Mexico City's temperate climate allows for inventive residential designs that are open to their environments, and bring a bit of the natural world right inside. Following in this tradition is "La casa en el bosque" or "The House in the Forest" in a suburb of the Distrito Federal, designed by local architecture studio Grupo Arquitectura.
The geometric, dual-volume, 10,763-square-foot house (1,000 square meters) comprises two concrete structures connected via glass skywalks that give residents views into the lush courtyard as they travel from the home's private rooms in one volume to its common areas, including a double-height living room, kitchen, and mezzanine-level dining area, in the other.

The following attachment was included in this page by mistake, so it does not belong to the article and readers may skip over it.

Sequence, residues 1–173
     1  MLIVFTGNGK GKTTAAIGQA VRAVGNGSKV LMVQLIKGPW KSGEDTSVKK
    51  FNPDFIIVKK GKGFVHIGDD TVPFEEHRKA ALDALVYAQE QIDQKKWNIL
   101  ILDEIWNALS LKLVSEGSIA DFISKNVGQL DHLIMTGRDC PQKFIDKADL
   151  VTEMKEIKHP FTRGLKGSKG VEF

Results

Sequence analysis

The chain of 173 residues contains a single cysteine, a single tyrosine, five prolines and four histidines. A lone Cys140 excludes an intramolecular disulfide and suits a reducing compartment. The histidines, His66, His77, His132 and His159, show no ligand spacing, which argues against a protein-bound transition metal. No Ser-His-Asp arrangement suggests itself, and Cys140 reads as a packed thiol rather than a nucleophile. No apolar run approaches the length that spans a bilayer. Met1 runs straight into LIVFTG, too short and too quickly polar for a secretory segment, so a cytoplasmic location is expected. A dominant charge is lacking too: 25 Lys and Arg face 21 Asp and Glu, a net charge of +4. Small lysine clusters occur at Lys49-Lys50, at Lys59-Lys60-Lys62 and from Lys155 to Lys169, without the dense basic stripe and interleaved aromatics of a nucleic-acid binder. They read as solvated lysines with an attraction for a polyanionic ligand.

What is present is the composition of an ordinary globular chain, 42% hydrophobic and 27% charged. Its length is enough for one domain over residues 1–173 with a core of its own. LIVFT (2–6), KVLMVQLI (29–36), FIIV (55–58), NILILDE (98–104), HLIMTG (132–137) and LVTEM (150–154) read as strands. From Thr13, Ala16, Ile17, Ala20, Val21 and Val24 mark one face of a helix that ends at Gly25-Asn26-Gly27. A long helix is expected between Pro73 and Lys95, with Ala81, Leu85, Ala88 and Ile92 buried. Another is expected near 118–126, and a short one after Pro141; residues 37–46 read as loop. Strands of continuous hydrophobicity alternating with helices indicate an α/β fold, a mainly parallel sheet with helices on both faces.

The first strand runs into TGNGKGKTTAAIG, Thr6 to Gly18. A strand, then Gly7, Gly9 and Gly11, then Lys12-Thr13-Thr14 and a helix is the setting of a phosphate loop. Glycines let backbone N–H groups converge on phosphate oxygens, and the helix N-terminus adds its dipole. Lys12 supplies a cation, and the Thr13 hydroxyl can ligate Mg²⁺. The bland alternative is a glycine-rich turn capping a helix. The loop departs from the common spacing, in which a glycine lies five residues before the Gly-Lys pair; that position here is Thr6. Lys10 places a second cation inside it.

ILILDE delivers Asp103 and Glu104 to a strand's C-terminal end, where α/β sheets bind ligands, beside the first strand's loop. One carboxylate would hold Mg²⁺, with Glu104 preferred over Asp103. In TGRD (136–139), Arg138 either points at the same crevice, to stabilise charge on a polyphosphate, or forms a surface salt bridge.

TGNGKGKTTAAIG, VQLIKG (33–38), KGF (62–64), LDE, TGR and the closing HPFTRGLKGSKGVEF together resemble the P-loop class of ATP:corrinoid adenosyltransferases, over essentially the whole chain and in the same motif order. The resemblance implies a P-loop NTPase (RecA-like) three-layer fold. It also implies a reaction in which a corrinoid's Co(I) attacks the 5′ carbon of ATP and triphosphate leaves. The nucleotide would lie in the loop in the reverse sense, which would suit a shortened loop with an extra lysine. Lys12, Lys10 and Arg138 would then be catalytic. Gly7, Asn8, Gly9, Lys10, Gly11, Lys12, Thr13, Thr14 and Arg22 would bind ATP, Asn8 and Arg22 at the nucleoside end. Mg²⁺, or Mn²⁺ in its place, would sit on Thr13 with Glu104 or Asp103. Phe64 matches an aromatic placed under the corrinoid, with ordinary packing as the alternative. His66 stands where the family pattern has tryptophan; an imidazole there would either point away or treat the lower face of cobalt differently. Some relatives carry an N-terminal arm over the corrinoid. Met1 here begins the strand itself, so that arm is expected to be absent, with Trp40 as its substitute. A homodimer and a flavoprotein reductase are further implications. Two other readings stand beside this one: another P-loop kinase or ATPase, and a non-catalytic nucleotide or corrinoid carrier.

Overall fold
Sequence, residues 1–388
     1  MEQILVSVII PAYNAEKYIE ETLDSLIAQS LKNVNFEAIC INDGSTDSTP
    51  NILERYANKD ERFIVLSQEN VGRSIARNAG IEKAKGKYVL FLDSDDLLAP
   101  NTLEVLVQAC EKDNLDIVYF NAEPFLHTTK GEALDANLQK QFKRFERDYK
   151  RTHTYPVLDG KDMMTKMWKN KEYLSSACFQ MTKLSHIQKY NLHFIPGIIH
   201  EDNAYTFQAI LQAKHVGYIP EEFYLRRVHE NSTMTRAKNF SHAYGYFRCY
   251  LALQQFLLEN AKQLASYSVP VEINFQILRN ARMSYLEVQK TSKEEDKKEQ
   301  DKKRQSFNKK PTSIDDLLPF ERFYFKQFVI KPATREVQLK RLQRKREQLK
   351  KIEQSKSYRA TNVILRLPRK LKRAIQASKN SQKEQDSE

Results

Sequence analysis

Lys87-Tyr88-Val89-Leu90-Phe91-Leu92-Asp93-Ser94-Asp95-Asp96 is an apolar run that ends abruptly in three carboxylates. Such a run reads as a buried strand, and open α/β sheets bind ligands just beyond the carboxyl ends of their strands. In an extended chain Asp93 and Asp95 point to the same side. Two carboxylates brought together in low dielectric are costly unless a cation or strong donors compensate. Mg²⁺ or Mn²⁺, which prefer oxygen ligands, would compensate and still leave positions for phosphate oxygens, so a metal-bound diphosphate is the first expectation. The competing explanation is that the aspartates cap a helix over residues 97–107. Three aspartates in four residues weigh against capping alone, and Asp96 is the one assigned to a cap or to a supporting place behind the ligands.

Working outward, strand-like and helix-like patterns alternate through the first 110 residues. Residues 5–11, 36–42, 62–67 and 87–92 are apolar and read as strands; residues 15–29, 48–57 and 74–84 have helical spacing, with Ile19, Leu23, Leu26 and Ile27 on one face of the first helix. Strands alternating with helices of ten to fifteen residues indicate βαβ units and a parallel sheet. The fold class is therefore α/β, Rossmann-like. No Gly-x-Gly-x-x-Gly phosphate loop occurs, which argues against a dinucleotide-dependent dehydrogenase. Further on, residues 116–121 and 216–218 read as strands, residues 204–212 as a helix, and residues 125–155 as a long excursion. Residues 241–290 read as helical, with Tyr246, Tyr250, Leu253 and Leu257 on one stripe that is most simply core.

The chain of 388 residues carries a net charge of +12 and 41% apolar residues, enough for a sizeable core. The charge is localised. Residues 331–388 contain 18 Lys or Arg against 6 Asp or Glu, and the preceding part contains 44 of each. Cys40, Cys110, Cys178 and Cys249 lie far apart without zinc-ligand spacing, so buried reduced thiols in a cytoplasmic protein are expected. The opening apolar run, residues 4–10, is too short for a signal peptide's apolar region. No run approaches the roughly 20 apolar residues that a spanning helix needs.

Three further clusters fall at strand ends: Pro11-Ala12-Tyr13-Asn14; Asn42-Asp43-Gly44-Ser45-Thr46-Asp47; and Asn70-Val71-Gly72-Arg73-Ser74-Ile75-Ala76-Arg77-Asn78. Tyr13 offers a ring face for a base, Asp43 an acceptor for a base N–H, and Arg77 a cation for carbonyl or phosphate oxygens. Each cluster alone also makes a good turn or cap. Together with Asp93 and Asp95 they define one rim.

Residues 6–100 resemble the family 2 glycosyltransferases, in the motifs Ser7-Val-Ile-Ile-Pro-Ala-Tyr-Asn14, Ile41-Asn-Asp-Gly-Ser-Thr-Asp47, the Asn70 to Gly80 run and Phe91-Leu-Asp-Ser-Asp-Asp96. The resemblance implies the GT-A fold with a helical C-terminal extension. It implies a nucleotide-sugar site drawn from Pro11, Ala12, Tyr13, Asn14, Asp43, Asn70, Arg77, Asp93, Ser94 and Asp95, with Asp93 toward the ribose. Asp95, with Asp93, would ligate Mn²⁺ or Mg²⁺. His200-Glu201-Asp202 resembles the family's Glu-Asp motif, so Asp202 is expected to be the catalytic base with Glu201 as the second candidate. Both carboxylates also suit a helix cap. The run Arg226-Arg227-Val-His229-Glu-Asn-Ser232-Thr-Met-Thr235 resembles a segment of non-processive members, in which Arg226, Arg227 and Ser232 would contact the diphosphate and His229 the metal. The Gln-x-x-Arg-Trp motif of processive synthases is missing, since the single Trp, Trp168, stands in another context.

Sustainable building techniques and eco-conscious systems help keep the house's energy use to a minimum. An aluminum brise soleil on one of the glazed facades, for example, helps minimize solar heat gain, while wastewater that can be reclaimed is used for irrigation. In an added bit of energy-saving wizardry, the residence's electrical systems are automated, from security to audio, window blinds and more.
∙ grupo arquitectura's house in the forest is connected with glass walkways
∙ All Mexico City coverage [Curbed]